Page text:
Get Involved: Jennie's Story
In so many ways, being diagnosed with Crohn's Disease seems like a lifetime ago. My IBD has acted like a time machine, whisking a wiry, wide eyed 12 year old through what has seemed like hell and back, into a hopeful 16 year old.
My diagnosis seemed to come at the worst time possible. Newly minted as the sixth grade valedictorian and thrilled about my soon to be seventh grade status, the summer of 2003 looked promising. I received a scholarship to attend a dance camp and we were going to Boston to finally see the Fourth of July fireworks and to hear the Boston Pops play. In between the excitement and thrill, I began to notice intense abdominal pain, weight loss and blood. As the summer progressed, I complained more and was soon seen in the GI clinic.
My first day of junior high, two brightly patterned bandages adorned both creases of my arms reminders of recent testing. I thought little of it and made light of it to my friends. Then, on the 23rd of September, I had my colonoscopy. Fully under and blissfully unaware of the consequences, the surgery bothered me very little. When I awoke, my parents stood over me, teary eyed and told me I had IBD. I once again thought very little of it as I had no idea what on earth that meant. Two days later, I was informed about what was to be done. I can only equate it to feeling like someone throwing a boulder at your back, it doesn't matter if they warn you, the shock and the pain are unavoidable.
Severely in denial about my apparent chronic, incurable, autoimmune disease, I stumbled home in a fog. My older brother met me at the door, gave me a hug and whispered 'Where there's a will there's a way.' No one understood what was happening.
One day, as we picked up my younger sister from elementary school, I sat in the car, windows open, feeling the heat from the September sun. I stared vacantly at the playground and began sobbing. My Mom, confused and afraid, tried to comfort but I stammered stubbornly 'I just want to come back where everything makes sense.'
I'd sit by the phone at home waiting for the doctor to call and apologize for the misdiagnosis. But the phone never rang.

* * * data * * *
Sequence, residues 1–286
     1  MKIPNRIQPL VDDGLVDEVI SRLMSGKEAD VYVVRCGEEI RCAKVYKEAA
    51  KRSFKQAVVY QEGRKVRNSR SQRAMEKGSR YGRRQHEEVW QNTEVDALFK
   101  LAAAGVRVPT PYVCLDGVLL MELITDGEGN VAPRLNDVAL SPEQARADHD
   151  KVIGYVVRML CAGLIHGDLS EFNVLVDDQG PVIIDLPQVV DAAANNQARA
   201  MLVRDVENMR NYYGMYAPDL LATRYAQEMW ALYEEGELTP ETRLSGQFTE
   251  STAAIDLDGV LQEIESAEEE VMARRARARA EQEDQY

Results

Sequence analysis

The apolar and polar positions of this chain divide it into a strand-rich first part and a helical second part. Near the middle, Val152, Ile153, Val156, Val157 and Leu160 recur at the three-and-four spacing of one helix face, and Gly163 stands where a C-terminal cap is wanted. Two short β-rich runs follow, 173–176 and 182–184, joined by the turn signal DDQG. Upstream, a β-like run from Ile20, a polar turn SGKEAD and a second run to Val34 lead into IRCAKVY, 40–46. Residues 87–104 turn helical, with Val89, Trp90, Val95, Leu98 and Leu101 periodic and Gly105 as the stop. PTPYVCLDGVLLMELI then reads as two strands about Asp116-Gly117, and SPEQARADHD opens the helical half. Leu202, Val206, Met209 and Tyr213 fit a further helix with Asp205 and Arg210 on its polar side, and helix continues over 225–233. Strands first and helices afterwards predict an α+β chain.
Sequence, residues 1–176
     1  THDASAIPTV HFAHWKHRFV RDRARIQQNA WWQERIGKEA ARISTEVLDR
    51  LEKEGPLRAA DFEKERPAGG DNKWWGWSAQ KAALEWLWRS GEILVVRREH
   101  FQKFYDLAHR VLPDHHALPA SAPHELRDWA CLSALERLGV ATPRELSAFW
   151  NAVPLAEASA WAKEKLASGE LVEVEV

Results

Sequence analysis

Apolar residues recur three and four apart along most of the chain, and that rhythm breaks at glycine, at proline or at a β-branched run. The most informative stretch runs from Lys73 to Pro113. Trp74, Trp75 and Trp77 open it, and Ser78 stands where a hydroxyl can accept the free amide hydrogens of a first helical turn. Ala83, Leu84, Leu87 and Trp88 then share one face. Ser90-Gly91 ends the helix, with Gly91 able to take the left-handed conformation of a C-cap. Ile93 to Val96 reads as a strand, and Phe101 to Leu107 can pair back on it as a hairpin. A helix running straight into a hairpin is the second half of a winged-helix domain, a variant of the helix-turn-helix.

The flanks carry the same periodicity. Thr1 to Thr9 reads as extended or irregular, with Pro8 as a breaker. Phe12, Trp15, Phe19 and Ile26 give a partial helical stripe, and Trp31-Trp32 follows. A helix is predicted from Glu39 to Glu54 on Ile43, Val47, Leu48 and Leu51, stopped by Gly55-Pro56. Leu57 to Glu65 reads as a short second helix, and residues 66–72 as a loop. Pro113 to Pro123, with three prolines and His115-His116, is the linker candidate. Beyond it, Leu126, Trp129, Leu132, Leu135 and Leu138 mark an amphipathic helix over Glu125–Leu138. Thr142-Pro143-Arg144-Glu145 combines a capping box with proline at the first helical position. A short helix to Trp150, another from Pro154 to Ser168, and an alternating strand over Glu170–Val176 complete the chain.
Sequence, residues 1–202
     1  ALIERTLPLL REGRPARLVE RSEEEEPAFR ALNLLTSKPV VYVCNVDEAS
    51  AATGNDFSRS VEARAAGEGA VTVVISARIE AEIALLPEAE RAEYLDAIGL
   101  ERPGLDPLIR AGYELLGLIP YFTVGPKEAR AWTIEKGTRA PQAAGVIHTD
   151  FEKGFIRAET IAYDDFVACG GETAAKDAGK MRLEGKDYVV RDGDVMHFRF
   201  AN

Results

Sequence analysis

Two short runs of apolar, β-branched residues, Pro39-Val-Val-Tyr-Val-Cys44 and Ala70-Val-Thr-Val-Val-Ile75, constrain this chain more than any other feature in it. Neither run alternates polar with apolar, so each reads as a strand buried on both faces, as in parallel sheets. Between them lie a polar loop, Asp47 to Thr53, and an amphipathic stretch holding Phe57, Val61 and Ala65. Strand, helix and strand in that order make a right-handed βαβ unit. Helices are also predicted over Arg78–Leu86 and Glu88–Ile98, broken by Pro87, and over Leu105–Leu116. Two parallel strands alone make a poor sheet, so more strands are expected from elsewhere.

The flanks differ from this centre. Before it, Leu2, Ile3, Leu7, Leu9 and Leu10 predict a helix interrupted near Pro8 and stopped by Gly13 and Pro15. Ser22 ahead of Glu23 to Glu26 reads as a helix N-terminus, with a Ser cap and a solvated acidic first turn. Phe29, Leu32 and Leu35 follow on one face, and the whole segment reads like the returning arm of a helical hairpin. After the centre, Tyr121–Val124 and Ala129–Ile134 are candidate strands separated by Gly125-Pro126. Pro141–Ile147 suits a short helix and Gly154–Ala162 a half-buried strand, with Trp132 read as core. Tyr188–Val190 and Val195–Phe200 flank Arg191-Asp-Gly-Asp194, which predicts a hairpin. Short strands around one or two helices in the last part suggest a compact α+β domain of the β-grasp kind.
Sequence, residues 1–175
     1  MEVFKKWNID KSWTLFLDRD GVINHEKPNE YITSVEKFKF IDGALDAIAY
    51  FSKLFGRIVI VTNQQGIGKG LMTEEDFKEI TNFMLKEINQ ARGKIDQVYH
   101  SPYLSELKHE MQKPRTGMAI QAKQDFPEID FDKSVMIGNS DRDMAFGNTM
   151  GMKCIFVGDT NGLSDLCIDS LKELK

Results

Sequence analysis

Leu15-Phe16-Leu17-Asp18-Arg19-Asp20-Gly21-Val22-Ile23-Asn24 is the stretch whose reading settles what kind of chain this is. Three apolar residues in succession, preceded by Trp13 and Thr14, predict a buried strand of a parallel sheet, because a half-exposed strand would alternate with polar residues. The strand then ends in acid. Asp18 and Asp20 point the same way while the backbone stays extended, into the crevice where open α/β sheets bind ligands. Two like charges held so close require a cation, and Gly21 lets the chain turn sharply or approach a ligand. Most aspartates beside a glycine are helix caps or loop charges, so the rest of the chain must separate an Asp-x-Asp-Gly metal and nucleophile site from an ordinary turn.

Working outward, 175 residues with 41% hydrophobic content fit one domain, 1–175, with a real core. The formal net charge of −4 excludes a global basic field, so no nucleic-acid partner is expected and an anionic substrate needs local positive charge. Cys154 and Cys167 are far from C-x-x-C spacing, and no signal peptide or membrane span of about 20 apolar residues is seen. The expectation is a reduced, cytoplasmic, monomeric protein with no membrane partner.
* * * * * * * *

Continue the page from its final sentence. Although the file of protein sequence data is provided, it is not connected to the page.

So there I was, 12 years old, sick, afraid and irrevocably alone. None of my peers understood, nor did I want to tell them that I had an intestinal disease. They ignorantly watched me wither from flare ups, gain weight from the steroids, miss school and dart to the bathroom.
By the eighth grade, I was no longer afraid to tell people what was wrong with me. They still did not understand, but it was much less secretive. It was difficult to assimilate in junior high and my priorities were so different from everyone else's. They were worried about failing the French test and the next party, I was worried about the course of disease, my shaky future and the sacrifice of my life long dreams.
I had yet to find anyone to understood. And then we found the Crohn's and Colitis Foundation of Canada (CCFC). We began to meet other families who were touched by IBD and learned so much about the disease. Recently, I've been appointment to the national Youth Advisory Council (YAC) for the CCFC. I'm the youngest of 13 amazing kids across Canada who have had such an impact on me.
My battle with IBD is far from over. I have enough medications to create my own pharmacy. A few months ago, I stopped injecting chemotherapy into my thigh for the 48th time only to now take it orally. It is still a taboo in society, no one discusses bloody diarrhea over cocktails. And in a lot of ways, it's very difficult because it's invisible. There have been, and I'm sure will be, many times when I've wanted to urge people to do a scope and look my intestines for them to see that I'm not lying.
But would I change having IBD? Never. The past four years have been the best and worst of my life. I haven't been healthy for over four months since then, but the life lessons I have learned are incredible. I love the person IBD has made me. Of course there are many things that bother me about IBD- I can't eat a lot of foods, public bathroom are humiliating (the toilet paper is terrible and there is no good reading material besides the occasional graffiti), spellcheck always says that Crohn's is spelled wrong, there is so much lacking in education and awareness, the medications are expensive (both financially and taxing on my body in their implications) and so much more. Of course, it would only make sense that the possibility of a cure would be my beacon of hope. And it is to some extent, it lessens my fear of having my starch white wedding dress marinated in blood on my wedding day, of possibility seeing my children suffer from it, of being stripped of more dreams, of being told no, of being discriminated against and not understood. But ultimately, I care little for those things.
So what's the real reason I want to find a cure? For my friends, for all the wonderful, undeserving people who suffer alongside me. For anyone ever touched or who will be touched by IBD. For everyone who will suffer silently because society labels us embarrassing. I will fight for them, the soldiers with battle wounds of surgery and painful testing. I will fight for them, for the tears they've cried, the pain they've felt and the screams they screamed to deaf ears. I will fight for them, with hope, compassion, determination and empathy. I will fight for them, with a dream. I will fight for them, for their future. Will you fight with me?
Jennie is now one of our Youth Advisory Council Champions. She is an inspirational voice for high school students with IBD.